teeth_wellbeing

Your natural guide to clean teeth

Supermarket shelves are littered with sugary toothpastes and brightly coloured mouth rinses that look and feel counterintuitive to what you’d imagine is healthy for your teeth. It’s interesting that with this litany of tooth care products and fluoride in our drinking water, there is more tooth decay than ever before.

Dental surgeon and founder of Bio Compatible Dentistry in Sydney, Robert Gammal says, “For your teeth to be protected from decay, there needs to be a good flow of the natural protective fluid from the inside of the tooth, travelling to the outside of the tooth." The culprits that reverse or reduce this flow, says Gammal, are refined foods, especially sugar and flour. He says decay is a systemic disease rather than a topical one, so what you put on your teeth is not as important as what goes into your body.

Fluorine, touted as the “tooth mineral”, is entirely different from chemically produced sodium fluoride, which is found in our water supply. Fluorine, which is found naturally in foods like goats milk, seaweed, rye, rice, parsley, avocados, cabbage, black-eyed peas, juniper berries, licorice, lemongrass and bancha tea twigs, protects the body from the invasion and growth of germs and viruses. The combination of organic calcium and fluorine together strengthens the teeth and helps prevent decay.

Sodium fluoride is a toxic by-product of the aluminium industry. It inhibits proper function of the thyroid gland as well as enzyme systems, and damages the immune system. It is also responsible for an increase in tooth decay. The most comprehensive US review, carried out by the National Institute of Dental Research, found that nine fluoridated cities had 10 per cent more decay than nine equivalent non-fluoridated cities. As a result of research in Europe, sodium fluoride treatment of water is now illegal in Sweden, Denmark, Holland and, most recently, Switzerland.

In the 1930s, US dentist Dr Weston A Price, known as the Charles Darwin of nutrition, travelled the world, studying isolated primitive communities untouched by modernisation. He found that although they didn’t brush their teeth, they had beautiful smiles and strong, straight and healthy teeth, and were free from decay. These peoples ate traditional diets rich in seafood, vegetables, grains and organ meats. Children born to these native cultures sported wide, handsome faces, with plenty of room for dental arches. Price found that the modernised children born to parents who had moved away from their communities and abandoned their traditional diets for refined and adulterated foods, had narrowed faces, crowded teeth and a reduced immunity to disease. As he travelled, his findings led him to the belief that dental caries and deformed dental arches resulting in crowded, crooked teeth were a sign of physical degeneration, resulting from nutritional deficiencies.

What is needed for healthy teeth?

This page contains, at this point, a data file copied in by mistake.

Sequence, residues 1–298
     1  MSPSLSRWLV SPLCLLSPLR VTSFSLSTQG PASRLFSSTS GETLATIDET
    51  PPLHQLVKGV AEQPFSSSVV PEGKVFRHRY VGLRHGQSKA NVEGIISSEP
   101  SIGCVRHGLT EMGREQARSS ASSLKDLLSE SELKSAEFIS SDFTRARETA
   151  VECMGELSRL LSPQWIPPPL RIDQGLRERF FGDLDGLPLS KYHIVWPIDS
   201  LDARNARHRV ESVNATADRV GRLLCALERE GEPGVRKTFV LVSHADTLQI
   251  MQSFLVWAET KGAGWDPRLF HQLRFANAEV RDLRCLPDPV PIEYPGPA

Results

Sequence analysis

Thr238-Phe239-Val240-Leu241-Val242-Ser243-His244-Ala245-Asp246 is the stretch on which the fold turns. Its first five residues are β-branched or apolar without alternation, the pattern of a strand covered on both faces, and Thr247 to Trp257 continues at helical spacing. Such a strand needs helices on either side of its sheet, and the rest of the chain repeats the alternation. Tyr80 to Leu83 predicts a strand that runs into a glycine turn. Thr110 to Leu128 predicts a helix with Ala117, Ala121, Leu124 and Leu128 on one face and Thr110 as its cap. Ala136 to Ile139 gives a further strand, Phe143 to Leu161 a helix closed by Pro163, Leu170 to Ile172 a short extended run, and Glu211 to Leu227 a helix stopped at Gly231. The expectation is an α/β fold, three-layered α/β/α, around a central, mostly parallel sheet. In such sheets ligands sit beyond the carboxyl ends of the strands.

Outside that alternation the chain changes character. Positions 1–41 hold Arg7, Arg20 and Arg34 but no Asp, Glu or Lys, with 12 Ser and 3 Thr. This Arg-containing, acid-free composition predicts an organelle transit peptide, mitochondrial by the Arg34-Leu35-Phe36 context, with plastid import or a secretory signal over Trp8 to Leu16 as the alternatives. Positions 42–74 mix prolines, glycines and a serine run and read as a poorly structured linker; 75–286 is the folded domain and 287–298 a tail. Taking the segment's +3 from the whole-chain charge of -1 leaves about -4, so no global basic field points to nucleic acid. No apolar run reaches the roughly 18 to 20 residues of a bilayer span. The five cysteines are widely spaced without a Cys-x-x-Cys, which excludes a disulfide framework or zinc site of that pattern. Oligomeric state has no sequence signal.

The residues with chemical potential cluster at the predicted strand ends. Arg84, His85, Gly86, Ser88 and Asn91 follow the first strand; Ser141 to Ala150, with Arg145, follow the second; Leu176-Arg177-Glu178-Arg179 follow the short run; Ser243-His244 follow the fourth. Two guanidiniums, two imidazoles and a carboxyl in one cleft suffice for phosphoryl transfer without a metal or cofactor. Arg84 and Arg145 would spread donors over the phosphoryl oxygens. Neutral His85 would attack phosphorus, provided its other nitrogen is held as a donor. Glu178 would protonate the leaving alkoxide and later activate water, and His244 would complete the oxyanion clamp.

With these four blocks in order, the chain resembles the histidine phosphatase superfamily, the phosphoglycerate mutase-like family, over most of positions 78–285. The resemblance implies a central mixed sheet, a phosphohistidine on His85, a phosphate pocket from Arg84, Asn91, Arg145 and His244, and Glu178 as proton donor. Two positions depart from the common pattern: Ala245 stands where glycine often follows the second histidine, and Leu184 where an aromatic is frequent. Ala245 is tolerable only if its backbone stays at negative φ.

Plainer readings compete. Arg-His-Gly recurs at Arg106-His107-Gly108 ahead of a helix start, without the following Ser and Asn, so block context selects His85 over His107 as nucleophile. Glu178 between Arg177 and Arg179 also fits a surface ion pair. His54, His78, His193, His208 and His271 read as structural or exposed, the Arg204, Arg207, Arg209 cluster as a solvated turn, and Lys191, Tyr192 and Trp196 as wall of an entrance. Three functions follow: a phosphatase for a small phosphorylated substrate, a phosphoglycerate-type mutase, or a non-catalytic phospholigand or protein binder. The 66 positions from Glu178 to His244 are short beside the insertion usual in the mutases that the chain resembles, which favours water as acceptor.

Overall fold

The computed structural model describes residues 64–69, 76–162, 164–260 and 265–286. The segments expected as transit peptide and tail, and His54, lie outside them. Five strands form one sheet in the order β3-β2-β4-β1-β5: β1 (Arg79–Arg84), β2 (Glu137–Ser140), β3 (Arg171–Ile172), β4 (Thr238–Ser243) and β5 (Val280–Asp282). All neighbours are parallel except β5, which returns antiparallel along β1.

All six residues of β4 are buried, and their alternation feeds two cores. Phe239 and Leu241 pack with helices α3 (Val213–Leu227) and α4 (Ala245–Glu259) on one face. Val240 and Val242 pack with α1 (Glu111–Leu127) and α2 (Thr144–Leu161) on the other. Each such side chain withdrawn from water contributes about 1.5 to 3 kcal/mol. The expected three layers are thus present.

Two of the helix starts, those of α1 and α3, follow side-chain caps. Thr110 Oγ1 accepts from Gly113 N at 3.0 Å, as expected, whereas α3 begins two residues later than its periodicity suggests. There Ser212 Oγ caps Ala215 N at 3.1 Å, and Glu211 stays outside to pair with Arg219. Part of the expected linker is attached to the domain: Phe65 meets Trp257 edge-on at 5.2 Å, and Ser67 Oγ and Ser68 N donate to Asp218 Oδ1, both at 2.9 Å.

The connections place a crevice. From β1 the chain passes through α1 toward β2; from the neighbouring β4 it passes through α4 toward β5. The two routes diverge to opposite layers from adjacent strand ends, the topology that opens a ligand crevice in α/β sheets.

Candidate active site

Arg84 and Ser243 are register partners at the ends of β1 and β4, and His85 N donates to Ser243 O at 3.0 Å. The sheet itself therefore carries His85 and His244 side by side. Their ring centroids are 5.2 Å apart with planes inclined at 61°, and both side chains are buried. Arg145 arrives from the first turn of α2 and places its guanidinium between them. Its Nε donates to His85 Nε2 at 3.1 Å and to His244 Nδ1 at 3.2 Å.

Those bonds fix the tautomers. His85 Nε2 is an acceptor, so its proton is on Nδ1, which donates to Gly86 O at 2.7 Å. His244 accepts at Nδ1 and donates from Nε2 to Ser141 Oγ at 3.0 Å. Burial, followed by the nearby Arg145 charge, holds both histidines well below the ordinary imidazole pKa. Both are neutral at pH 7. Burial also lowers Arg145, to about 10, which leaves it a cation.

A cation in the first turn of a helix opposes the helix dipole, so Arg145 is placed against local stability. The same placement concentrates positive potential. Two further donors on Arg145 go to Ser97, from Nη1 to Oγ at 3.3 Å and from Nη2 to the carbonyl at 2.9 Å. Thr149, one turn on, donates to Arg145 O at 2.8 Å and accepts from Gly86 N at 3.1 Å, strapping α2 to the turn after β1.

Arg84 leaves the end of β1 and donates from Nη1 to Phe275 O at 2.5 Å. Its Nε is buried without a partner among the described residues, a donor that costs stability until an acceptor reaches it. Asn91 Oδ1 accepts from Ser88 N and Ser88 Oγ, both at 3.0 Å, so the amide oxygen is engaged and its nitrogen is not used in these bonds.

When Dr Price analysed the foods consumed by isolated cultures, he found that compared with modern diets, they provided at least four times the water-soluble vitamins, calcium and other minerals and at least ten times the fat-soluble vitamins A and D, nutrients readily available from animal foods such as butter, fish, eggs, shellfish and organ meats.

Foods rich in calcium include the sea vegetables hijiki, wakame, kelp, arame, kombu and nori, as well as wheat grass, sardines, agar-agar, almonds, amaranth grain, hazelnuts and parsley. Most green plants are good sources of chlorophyll, phosphorus and vitamins A and C, important cofactors for calcium absorption. The other nutrients vital for efficient calcium metabolism are vitamin D and magnesium. Chlorophyll itself is very helpful in the prevention of tooth decay and gum infection when used as a tooth powder or mouth rinse. Micro-algae are rich in chlorophyll. A diet rich in vitamin C and silicon is also essential for healthy teeth. Studies show that vitamin C can help reduce plaque build up.

Good bacteria in the mouth prevent other, harmful mouth bacteria from sticking to and attacking the teeth so it’s a good idea to eat lots of cultured foods like live organic yoghurt, kefir (a fermented milk drink) and lacto-fermented vegetables. Dilute one teaspoon of probiotic powder in water and swish it around your mouth to help prevent plaque build up.

People with tooth decay should avoid vegetables high in oxalic acid or solanine (nightshades) as these inhibit calcium metabolism. Other calcium inhibitors are refined sugar, alcohol, cigarettes and coffee. According to Gammal, cleaning the teeth is simply a matter of removing plaque from the surface. The best way to do this, he says, is by rubbing it off with a toothbrush. “Certain ingredients like bicarbonate soda can be of assistance in neutralising plaque acids and removing plaque,” he adds.

To strengthen and whiten teeth and gums and help remove tartar, cut a strawberry in half and rub it on the gums and teeth. Sage leaves also work well.

Brightening Spearmint Tooth Powder

¼ cup Bicarbonate of soda

¼ cup white clay

2 tsp very fine sea salt

4 drops spearmint essential oil

1 tsp stevia (natural sweetener; studies show it may help prevent decay)

Mix the soda and clay together. Add the drops of essential oils and mix through thoroughly. Sieve to remove any wet lumps. To use: mix a little powder with water. Dip your toothbrush in. Do not swallow. Spit out and rinse. Do not exceed the amount of essential oil.

Caution: essential oils should be kept out of reach of children.

Carla Oates is a natural beauty expert and the author of Feeding Your Skin (Lantern Books).

Carla Oates

Carla Oates

Carla Oates is the CEO of The Beauty Chef, a natural beauty expert and the author of Feeding Your Skin and The Beauty Chef Cookbook.

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